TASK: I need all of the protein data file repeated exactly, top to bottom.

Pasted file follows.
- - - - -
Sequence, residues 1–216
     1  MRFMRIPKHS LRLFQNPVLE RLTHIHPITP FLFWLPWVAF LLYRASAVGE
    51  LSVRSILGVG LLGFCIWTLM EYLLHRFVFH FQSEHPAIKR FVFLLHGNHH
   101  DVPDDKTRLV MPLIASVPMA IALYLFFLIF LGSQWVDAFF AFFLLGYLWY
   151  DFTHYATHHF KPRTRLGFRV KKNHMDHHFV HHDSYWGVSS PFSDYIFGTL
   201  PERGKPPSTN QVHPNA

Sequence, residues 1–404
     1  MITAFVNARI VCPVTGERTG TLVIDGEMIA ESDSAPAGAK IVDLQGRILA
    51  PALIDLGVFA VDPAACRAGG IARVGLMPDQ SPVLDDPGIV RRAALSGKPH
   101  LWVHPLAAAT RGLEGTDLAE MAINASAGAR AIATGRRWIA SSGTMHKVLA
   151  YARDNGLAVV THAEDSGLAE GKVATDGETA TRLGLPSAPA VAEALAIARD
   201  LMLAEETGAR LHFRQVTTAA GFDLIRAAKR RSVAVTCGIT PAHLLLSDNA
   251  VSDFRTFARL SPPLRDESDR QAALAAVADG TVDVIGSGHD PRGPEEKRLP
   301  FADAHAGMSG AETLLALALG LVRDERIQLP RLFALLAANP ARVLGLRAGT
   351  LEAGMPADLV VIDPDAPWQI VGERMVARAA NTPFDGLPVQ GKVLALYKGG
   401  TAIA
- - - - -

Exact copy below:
Sequence, residues 1–216
     1  MRFMRIPKHS LRLFQNPVLE RLTHIHPITP FLFWLPWVAF LLYRASAVGE
    51  LSVRSILGVG LLGFCIWTLM EYLLHRFVFH FQSEHPAIKR FVFLLHGNHH
   101  DVPDDKTRLV MPLIASVPMA IALYLFFLIF LGSQWVDAFF AFFLLGYLWY
   151  DFTHYATHHF KPRTRLGFRV KKNHMDHHFV HHDSYWGVSS PFSDYIFGTL
   201  PERGKPPSTN QVHPNA

Sequence, residues 1–404
     1  MITAFVNARI VCPVTGERTG TLVIDGEMIA ESDSAPAGAK IVDLQGRILA
    51  PALIDLGVFA VDPAACRAGG IARVGLMPDQ SPVLDDPGIV RRAALSGKPH
   101  LWVHPLAAAT RGLEGTDLAE MAINASAGAR AIATGRRWIA SSGTMHKVLA
   151  YARDNGLAVV THAEDSGLAE GKVATDGETA TRLGLPSAPA VAEALAIARD
   201  LMLAEETGAR LHFRQVTTAA GFDLIRAAKR RSVAVTCGIT PAHLLLSDNA
   251  VSDFRTFARL SPPLRDESDR QAALAAVADG TVDVIGSGHD PRGPEEKRLP
   301  FADAHAGMSG AETLLALALG LVRDERIQLP RLFALLAANP ARVLGLRAGT
   351  LEAGMPADLV VIDPDAPWQI VGERMVARAA NTPFDGLPVQ GKVLALYKGG
   401  TAIA